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The Curious Case of The Hamilton City Centre

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The City Centre, formally the Eaton Centre, is an eye sore. There is no subtle way to put it. It’s ugly, it’s imposing and for such a young building, it’s aged terribly. However, there’s more to this postmodern monstrosity than what meets the eye. It’s become a part of the James Street North fabric and is worth examining more critically.

Completed in 1990 by Baltimore firm RTKL Architects, it was designed during a time when postmodernism was avant-garde in Canada. Mississauga’s City Hall was completed a mere three years earlier by architects Jones and Kirkland and for the most part, was a resounding success in a booming city. But one of the issues with postmodern architecture is it becomes dated. Quickly.

Though what’s interesting about architecture is how style is cyclical. What was once in style becomes out of style, only to be back in style again. Postmodernism has a charming braveness to it. It’s daring, confusing, whimsical, unique, and sometimes terribly executed (sorry, Michael Graves). Most buildings designed during this era of architecture look like they’ve had an identity crisis. Is it modern? Is it contemporary? Is it classical? The City Centre is no different. What is it?

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Reticles of steel tracery surround the James St N entrance, an unintentional metaphor for how it missed the mark.

The exterior is more like a barracks than a mall and could be mistaken for the James Street North Armories. It’s a fortress, with almost no windows, unwelcoming entrances, and kitsch accents. The brickwork, tacky but fun; the steel framing, odd; the pastel colours, dated; and the clock tower is one of its only applaudable statements. Overall, the exterior could do with some re-imagining.

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New glazing added to the York Boulevard facade

In 2008 Lintack Architects did some exterior and interior work, adding windows and offices along the York Boulevard streetwall. A continuation should be made to James Street North. More windows, entrances that reach further to the street, and a greater connectivity to storefronts at street level could help revitalize its appearance. There is no interplay between the City Centre and any of its neighbours. Finding ways to mirror the success of pedestrian friendly buildings is a step in the right direction.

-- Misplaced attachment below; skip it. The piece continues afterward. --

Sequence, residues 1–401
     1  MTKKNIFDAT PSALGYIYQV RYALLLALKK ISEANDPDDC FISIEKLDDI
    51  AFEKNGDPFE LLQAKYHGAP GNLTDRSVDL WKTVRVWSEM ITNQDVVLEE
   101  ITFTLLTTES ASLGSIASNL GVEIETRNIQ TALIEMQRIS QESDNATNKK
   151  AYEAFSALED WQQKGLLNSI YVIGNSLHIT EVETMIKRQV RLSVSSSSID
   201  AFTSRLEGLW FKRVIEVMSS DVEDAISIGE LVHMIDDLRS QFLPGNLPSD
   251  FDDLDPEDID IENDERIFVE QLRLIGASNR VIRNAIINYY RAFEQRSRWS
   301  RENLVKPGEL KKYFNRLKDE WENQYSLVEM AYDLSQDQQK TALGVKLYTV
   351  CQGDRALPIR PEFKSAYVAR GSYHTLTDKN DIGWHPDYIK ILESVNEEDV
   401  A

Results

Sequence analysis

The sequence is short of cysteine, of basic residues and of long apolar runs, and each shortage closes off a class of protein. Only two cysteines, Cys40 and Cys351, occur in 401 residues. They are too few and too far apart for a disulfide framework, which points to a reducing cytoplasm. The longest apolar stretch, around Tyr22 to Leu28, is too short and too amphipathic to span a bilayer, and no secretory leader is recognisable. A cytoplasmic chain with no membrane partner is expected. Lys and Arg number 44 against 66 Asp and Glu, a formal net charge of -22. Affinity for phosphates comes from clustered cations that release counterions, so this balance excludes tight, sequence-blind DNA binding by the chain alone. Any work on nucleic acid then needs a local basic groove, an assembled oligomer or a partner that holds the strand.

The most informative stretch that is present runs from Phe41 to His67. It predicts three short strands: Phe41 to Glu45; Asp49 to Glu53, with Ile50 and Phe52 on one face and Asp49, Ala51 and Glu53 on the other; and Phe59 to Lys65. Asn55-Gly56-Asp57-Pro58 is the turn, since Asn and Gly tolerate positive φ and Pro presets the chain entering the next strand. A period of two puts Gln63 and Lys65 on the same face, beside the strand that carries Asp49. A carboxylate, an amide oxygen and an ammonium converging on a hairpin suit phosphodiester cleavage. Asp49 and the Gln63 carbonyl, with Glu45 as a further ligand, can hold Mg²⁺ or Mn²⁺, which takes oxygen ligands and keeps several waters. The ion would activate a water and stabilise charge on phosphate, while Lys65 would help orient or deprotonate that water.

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The inside of the City Centre is a different story. It’s a lovely example of postmodern design done right. With nods to an architectural past (the interior was inspired by the Galleria Vittorio Emanuele II), the space is light, airy, and is a welcomed change compared to the abysmal, low-ceilinged bunker that is its neighbour, Jackson Square.

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Skylights pour natural light into the space through rows of arches. Detailed columns line the balustrades on multiple levels, framing the space in a gentle manner. While the food court is below grade in an atrium setting, topped with a glass dome surrounded by a frieze titled “Lineage” by artists Susan Schelle and Mark Gomes. The interior brings back nostalgic feelings to many Hamiltonians and it ought to be preserved accordingly.

This is where the fear of change lies. The interior doesn’t need much. What it needs is refurbishing. The incandescent bulbs are burnt out like an old amusement ride, paint is peeling and fading into unrecognizable colours, and the space is sorely missing tenants.

Drawing tenants should be the main concern, which will come. After all, this playful space once housed Eaton’s. World Gym is soon to move in, which should bring a great amount of foot traffic and hopefully snowball into something more.

The food court needs food, the spaces require tenants, and the tiled floors need treads walking all over them. As Jackson Square slowly claws its way back to a viable shopping destination, so too will City Centre. All it needs is some love and attention.

Let’s just hope Cash 4 Money leaves the premises, because the City Centre is better than that. Nothing deters people like a shark in the water.

 

 

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A Special Event: Hamilton Flea at Brown’s Tire – November 14th

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Hamilton Flea is back and in a new location. Last time was Treble Hall and this time around it’s the old Brown’s Tire Building.

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The old Brown’s Tire is located at the corner of Wellington and King William in a turn-of-the-century, three-storey brick building. Covered with event signage by The Story Girl and Circa Projects, the building is full of nostalgic features that are fitting for a pop-up flea.

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The exterior of the building, facing Wellington, has three floor-to-ceiling windows at ground level, decorative keystones above the upper storey windows, and an intact cornice complete with corbels. The storefront fascia is exposed, waiting for tenants to occupy the space and erect new signage.